Candy artist Shinri Tezuka in a YouTube video that will be screened at the fest
Candy artist Shinri Tezuka in a YouTube video that will be screened at the fest

In a YouTube video, 27-year-old Tokyo-based artist Shinri Tezuka is seen engrossed in Amezaiku, the now rare Japanese art of sculpting candy that dates back to the 1600s, when they were used as offerings at temples in Kyoto. Using scissors and tweezers, Tezuka sculpts a semi-solid blob of starchy sugar syrup into a life-like crystal goldfish.

This video will be screened at Japan Art Festival, a half-day event organised by Fujiwara Japanese Consultant, a city-based firm launched by the father-daughter duo Mahesh and Rumy Joshi. The two run a Japanese language institute and offer interpreter services. "Our aim is to not only assist in the language but also introduce Mumbaikars to the country's art and culture scene. Some time back, we had conducted an origami and calligraphy seminar. This art festival is the next step," says Rumy.

A broken bowl repaired with the art of Kintsugi using powdered gold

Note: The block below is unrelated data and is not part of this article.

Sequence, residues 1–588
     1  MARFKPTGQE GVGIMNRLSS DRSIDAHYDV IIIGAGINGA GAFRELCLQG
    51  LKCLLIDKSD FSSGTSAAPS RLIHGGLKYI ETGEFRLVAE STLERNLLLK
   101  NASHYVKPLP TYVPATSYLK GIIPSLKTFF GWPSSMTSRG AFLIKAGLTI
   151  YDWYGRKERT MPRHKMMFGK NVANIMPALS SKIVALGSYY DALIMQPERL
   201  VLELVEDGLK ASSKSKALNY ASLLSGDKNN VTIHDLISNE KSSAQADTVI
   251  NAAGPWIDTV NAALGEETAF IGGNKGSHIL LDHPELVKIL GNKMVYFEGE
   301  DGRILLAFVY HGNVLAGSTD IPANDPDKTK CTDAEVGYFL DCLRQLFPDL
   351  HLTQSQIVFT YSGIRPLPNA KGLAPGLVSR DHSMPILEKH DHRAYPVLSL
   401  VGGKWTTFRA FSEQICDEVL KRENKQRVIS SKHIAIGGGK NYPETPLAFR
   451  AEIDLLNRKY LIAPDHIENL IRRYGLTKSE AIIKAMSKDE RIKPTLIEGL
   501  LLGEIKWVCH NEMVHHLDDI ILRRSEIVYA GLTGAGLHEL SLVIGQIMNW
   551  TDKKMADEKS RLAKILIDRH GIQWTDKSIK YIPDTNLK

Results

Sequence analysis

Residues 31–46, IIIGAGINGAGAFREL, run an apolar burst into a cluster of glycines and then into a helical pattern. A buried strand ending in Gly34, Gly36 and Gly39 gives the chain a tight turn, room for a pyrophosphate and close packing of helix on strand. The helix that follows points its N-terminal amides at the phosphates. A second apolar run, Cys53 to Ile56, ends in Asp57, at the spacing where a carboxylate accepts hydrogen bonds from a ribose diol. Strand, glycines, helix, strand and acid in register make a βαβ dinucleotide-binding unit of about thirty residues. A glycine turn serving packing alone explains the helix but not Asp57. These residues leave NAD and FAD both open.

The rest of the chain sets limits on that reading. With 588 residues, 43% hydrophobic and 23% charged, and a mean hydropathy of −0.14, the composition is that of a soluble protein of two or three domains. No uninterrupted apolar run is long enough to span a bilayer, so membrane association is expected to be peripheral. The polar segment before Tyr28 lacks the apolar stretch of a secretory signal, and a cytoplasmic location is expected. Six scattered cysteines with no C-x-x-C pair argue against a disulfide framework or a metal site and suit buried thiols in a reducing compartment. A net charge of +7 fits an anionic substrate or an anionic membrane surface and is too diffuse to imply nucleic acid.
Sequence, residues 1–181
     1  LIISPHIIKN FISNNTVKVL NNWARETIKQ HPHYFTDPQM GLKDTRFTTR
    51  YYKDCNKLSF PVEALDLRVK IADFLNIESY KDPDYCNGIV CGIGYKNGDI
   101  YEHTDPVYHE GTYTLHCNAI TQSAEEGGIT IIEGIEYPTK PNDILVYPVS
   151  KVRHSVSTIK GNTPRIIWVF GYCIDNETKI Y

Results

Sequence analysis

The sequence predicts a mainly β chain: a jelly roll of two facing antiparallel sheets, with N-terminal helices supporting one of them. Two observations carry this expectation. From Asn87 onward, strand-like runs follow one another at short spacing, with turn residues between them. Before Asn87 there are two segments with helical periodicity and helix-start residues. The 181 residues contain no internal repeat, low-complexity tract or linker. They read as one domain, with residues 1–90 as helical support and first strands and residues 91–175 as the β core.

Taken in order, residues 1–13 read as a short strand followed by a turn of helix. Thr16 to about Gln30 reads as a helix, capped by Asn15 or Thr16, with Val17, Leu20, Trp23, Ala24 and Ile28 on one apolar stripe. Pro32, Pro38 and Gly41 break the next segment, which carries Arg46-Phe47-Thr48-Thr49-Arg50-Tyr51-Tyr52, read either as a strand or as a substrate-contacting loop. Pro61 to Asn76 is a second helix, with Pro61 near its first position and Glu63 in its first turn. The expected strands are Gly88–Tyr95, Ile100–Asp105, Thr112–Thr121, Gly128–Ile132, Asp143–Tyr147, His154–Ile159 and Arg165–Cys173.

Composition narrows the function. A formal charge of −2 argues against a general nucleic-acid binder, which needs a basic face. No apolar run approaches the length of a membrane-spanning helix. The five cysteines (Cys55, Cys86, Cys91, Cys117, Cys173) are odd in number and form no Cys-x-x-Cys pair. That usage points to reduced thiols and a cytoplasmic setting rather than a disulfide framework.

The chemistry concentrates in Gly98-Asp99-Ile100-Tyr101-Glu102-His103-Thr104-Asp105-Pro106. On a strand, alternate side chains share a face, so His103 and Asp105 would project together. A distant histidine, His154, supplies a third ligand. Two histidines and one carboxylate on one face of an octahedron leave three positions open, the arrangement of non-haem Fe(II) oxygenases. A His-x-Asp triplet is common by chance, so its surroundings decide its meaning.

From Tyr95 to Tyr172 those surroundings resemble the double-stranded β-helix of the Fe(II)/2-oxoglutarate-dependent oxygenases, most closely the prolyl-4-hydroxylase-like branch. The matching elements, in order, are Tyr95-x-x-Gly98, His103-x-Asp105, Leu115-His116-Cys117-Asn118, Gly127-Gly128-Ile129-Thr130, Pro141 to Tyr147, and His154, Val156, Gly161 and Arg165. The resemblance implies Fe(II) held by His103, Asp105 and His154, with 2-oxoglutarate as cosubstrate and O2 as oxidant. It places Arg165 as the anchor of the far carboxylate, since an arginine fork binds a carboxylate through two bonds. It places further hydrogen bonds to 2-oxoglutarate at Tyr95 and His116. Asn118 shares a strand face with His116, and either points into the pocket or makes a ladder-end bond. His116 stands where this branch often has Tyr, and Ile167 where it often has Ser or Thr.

A broken bowl repaired with the art of Kintsugi using powdered gold

Along with Amezaiku, you can also watch a bunch of online videos on bonsai art, ikebana or the intricate art of flower arrangement, and Kintsugi, a traditional method of repairing broken pottery with lacquer dusted with powdered gold. "The philosophy behind the art is that we should accept flaws and imperfections rather than disguising them as damaged, and throwing them away," she reasons. The team has also sourced a video that shows you Charaben, the art of styling a bento box to resemble animal figurines.

Fifteen students, who attend language sessions, will also showcase Japanese artworks. Harshali Salunke, who will create Japanese doll bookmarks (Rs 25 onwards), says, "I'll make 3D kimono-wearing dolls using the art of origami." Manga sketches, paintings, Japanese temple replicas and hair accessories will also be part of the exhibition.